‘Sesame Street’ Tackling Addiction Stigma Before it Starts
Authored by Audra Franchini
Elmo: Why doesn’t she just stop?
A seemingly easy answer to a difficult question: When someone is struggling with addiction, why can’t they just stop?
“It’s not something you can just stop doing, not without help from the right grownups,” says Elmo’s dad Louie.
Beloved children’s show Sesame Street has created a series of videos that feature 6-year-old Karli whose mom is struggling with addiction. Karli came to live with a foster family in May because her mother was having a “hard time.”
In the latest videos, Karli told Elmo that her mom attends meetings every day to help her stay healthy. It also introduces Karli to Salia, a 10-year-old girl who bravely shares what it’s been like for her and her younger sisters as both of their parents dealt with their addictions.
Sesame Workshop says it wants children to know they aren’t alone and give them the tools to help cope with the difficult feelings they’re having if their parents are suffering from addiction.
Children have moldable, easily impressionable minds. And Sesame Street is the teacher. But this time, instead of teaching ABCs or 123s, they’re teaching children to view addiction as a disease.
In other words, Sesame Street is stopping the stigma in young minds before it even begins.
“I applaud Sesame Street’s writers and producers for bringing this topic to the forefront,” says RCA’s Chief Scientific Officer Dr. Deni Carise. “The stigma of addiction keeps many people from getting treatment. The more we seek positive examples of people addressing their illness, working to get well, and not having to hide behind shame, the fewer people will die from this disease. People think kids don’t know, but they do. This shows you can talk to kids about exactly what’s happening, and it takes away the fear and anxiety.”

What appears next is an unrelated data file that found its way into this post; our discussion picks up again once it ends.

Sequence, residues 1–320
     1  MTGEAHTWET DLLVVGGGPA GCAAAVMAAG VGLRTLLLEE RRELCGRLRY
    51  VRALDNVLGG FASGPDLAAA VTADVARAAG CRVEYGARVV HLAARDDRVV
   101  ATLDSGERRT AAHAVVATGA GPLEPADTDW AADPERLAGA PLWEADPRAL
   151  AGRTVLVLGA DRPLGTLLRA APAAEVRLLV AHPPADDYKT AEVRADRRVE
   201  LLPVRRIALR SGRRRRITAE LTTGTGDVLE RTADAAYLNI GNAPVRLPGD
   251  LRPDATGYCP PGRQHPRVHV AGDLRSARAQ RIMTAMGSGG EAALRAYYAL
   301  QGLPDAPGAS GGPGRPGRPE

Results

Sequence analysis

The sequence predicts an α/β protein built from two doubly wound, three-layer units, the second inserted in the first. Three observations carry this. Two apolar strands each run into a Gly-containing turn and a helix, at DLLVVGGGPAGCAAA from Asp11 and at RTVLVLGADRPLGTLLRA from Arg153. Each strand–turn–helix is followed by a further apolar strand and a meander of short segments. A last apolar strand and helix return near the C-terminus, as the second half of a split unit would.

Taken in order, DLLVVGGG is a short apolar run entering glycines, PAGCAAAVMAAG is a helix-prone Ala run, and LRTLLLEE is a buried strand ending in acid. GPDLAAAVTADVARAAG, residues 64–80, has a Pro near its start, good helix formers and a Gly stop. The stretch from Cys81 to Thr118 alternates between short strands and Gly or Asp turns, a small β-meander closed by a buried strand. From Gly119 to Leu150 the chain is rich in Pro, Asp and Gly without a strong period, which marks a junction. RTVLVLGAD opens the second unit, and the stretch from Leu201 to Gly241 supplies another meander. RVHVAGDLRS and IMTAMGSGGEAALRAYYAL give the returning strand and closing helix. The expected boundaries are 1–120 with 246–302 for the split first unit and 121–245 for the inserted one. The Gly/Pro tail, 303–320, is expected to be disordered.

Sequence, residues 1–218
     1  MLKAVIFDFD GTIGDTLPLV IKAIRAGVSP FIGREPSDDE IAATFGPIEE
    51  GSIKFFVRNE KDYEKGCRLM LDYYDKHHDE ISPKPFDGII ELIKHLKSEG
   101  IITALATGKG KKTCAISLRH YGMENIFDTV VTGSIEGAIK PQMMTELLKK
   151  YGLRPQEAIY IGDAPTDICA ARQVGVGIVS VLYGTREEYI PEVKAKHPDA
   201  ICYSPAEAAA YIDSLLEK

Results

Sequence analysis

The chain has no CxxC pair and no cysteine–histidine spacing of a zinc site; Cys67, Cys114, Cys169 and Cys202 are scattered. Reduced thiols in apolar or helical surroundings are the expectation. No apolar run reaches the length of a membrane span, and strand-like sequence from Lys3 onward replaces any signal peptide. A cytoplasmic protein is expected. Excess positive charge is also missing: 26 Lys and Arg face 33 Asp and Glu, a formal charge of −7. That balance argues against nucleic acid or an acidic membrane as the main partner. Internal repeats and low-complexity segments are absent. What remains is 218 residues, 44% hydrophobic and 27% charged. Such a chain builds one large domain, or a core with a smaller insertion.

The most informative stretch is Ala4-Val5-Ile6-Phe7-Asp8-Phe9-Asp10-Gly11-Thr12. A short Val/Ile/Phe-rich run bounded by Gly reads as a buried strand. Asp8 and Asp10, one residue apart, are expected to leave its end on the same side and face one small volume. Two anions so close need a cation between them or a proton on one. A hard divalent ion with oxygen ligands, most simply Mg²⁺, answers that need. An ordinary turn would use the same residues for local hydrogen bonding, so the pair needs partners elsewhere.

When there’s substance abuse in families, children can feel alone or take the blame. But to hear a Sesame Street character say, “If you’re going through a tough time it’s OK to be sad or mad because, when you love someone so much, and when they’re going through a tough time, sometimes it makes you feel sad and scared, but that’s OK. It’s OK to talk about those things. It feels good to talk about those things” can bring back hope and help them cope with the situation.
Recovery Centers of America knows the words we use are important, and we tip our hats to Sesame Street for reducing substance abuse stigma by normalizing the conversation.